The MDFF-derived atomic structure was also used for free MD simulations containing the ribosome-translocon-nascent-chain complex as well as the complete nanodisc. In the simulations, an attraction between the lipids in the nanodisc and the ribosome's helix 59 (H59) developed, with the lipids forming a small ridge. This ridge was found to be an excellent match with some otherwise inexplicable density in the original cryo-EM map, and led to the suggestion that H59 may play a role in aiding the inversion and subsequent insertion of the nascent chain's signal anchor.
Side-by-side views of the full ribosome-translocon-nascent-chain system. On the right, the path of the nascent chain can be traced from the ribosome's peptidyl transferase center into the channel. The bottom shows a closeup of the channel.
Quantifying Membrane Protein Insertion
Although we have visualized a transmembrane segment, namely a signal anchor, in the process of inserting into the membrane, the structure does not address how the segment decides whether or not to insert. Systematic experiments testing the insertion propensity of various sequences of amino acids led to the suggestion that insertion is governed by purely by thermodynamics (). An unexpected result from those experiments was that charged residues such as arginine exhibit a relatively low penalty to be inserted into the membrane. Numerous computational and theoretical studies suggested a penalty of anywhere from 2 to 7 times what was observed experimentally, leading to confusion regarding what process was actually being measured.
One potential source of the discrepancy between the experiments and simulations is in the assumption of the initial reference state. Although both presume that the end result is a transmembrane segment embedded in the bilayer, in the simulations the initial state was often chosen to be in a purely aqueous state, neglecting any potential role of the translocon. We hypothesized that the initial state for membrane insertion is, instead, the interior of the translocon. Using free-energy perturbation simulations, we tested this hypothesis by calculating the energetic cost to move an arginine and a leucine residue from the channel to the membrane. We found that the magnitude of both energies were less than in previous simulations, more closely matching the experimental results. Thus, protein insertion into the membrane likely follows a two-stage process, with the ribosome driving the protein into the channel in the first stage and then it exiting laterally through the gate in the second.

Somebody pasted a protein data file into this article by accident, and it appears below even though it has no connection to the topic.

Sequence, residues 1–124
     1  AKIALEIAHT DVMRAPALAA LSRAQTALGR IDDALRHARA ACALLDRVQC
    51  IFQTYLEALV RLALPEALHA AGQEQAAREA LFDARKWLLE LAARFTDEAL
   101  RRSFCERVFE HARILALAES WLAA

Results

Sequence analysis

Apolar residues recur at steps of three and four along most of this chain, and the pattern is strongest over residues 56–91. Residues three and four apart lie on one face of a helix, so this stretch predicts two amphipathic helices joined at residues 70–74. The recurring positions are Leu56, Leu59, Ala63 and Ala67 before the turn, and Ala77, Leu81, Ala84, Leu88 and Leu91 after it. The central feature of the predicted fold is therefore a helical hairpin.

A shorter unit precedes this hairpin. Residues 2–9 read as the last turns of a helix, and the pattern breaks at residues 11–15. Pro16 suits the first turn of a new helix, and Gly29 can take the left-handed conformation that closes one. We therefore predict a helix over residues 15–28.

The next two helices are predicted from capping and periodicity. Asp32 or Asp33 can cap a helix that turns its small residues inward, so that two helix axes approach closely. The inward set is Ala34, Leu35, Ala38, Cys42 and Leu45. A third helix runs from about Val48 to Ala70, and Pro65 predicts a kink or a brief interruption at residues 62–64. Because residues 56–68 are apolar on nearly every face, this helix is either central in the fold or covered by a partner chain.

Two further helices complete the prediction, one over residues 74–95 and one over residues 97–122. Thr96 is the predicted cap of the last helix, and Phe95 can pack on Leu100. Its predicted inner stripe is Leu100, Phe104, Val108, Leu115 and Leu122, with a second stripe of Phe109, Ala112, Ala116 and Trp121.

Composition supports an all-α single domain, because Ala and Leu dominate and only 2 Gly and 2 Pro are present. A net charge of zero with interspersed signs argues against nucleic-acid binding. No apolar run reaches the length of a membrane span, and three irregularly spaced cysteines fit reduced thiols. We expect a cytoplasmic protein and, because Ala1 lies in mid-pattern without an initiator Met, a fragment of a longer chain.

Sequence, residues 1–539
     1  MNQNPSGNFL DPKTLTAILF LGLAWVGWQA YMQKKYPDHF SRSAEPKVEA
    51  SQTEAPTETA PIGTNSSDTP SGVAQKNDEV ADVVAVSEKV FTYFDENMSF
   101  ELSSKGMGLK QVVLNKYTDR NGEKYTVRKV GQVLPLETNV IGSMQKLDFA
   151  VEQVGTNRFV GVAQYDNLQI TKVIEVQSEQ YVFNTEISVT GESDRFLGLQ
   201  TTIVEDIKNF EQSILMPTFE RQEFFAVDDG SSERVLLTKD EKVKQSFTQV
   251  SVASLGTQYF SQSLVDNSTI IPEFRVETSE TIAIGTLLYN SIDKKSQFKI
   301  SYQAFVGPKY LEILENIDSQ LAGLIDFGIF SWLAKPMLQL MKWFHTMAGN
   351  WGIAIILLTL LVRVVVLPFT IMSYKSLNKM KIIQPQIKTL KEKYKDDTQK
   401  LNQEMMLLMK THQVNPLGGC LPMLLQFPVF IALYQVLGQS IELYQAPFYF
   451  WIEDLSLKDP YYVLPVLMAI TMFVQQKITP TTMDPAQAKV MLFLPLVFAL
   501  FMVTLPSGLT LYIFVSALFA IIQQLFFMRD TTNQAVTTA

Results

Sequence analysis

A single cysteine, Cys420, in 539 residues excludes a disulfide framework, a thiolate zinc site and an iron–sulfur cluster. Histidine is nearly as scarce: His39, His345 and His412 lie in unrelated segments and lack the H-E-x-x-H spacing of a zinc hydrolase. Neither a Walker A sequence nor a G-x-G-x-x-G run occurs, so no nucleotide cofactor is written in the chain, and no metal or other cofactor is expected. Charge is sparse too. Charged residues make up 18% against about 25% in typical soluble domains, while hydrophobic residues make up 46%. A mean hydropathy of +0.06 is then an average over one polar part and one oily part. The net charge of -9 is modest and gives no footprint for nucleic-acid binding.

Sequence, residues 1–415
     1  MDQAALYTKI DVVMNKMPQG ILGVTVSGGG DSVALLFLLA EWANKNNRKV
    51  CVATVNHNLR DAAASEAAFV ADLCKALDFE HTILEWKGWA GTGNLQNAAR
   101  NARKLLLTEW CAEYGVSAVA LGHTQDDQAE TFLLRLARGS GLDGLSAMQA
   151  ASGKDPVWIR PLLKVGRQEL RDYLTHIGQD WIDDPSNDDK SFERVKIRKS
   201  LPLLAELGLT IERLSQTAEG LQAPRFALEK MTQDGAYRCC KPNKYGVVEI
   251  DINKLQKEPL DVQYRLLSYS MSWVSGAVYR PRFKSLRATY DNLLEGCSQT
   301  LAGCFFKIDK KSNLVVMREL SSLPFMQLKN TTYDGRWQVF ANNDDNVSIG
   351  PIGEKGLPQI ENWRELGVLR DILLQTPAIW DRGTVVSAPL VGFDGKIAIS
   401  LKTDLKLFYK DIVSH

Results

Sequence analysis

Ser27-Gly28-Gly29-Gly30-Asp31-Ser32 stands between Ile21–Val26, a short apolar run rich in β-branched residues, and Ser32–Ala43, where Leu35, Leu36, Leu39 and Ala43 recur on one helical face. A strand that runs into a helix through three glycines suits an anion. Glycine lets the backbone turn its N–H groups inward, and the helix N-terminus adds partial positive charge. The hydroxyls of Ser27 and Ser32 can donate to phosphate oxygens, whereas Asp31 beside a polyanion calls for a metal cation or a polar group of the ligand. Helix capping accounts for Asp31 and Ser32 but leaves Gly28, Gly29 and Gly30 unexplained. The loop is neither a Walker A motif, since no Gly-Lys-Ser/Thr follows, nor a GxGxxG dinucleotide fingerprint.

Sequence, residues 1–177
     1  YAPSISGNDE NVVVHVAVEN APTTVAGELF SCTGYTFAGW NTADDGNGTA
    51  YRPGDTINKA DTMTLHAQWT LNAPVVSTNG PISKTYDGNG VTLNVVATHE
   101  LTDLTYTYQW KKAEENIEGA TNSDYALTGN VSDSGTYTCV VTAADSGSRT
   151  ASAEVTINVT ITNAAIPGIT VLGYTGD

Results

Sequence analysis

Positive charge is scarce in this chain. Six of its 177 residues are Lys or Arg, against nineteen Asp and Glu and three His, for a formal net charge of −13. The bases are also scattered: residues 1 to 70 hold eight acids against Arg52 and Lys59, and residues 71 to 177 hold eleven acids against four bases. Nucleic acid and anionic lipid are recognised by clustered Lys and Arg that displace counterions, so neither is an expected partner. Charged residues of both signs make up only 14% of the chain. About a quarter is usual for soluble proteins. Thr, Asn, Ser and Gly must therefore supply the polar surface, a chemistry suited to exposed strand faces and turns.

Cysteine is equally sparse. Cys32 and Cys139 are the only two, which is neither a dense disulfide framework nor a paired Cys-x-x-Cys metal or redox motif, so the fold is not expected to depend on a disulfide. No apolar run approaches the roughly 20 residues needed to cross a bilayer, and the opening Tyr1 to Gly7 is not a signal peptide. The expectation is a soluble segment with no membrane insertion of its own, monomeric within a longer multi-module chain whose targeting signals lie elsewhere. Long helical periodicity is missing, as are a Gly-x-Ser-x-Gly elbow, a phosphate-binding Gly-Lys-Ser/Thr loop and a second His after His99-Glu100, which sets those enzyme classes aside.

Molecular dynamics studies of the archaeal translocon. James Gumbart and Klaus Schulten. Biophysical Journal, 90:2356-2367, 2006.
Structural determinants of lateral gate opening in the protein translocon. James Gumbart and Klaus Schulten. Biochemistry, 46:11147-11157, 2007.
The roles of pore ring and plug in the SecY protein-conducting channel. James Gumbart and Klaus Schulten. Journal of General Physiology, 132:709-719, 2008.
Regulation of the protein-conducting channel by a bound ribosome. James Gumbart, Leonardo G. Trabuco, Eduard Schreiner, Elizabeth Villa, and Klaus Schulten. Structure, 17:1453-1464, 2009.
Structure of monomeric yeast and mammalian Sec61 complexes interacting with the translating ribosome. Thomas Becker, Shashi Bhushan, Alexander Jarasch, Jean-Paul Armache, Soledad Funes, Fabrice Jossinet, James Gumbart, Thorsten Mielke, Otto Berninghausen, Klaus Schulten, Eric Westhof, Reid Gilmore, Elisabet C. Mandon, and Roland Beckmann. Science, 326:1369-1373, 2009.
Cryo-EM structure of the ribosome-SecYE complex in the membrane environment. Jens Frauenfeld, James Gumbart, Eli O. van der Sluis, Soledad Funes, Marco Gartmann, Birgitta Beatrix, Thorsten Mielke, Otto Berninghausen, Thomas Becker, Klaus Schulten, and Roland Beckmann. Nature Structural & Molecular Biology, 18:614-621, 2011.
Free-energy cost for translocon-assisted insertion of membrane proteins. James Gumbart, Christophe Chipot, and Klaus Schulten. Proceedings of the National Academy of Sciences, USA, 108:3596-3601, 2011.
Free energy of nascent-chain folding in the translocon. James Gumbart, Christophe Chipot, and Klaus Schulten. Journal of the American Chemical Society, 133:7602-7607, 2011.
Reconciling the roles of kinetic and thermodynamic factors in membrane-protein insertion. James C. Gumbart, Ivan Teo, Benoit Roux, and Klaus Schulten. Journal of the American Chemical Society, 135:2291-2297, 2013.
Page created and maintained by JC Gumbart.
The contents of this website were reproduced in part with permission from
Regulation of the protein-conducting channel by a bound ribosome. James Gumbart, Leonardo G. Trabuco, Eduard Schreiner, Elizabeth Villa, and Klaus Schulten. Structure, 17:1453-1464, 2009.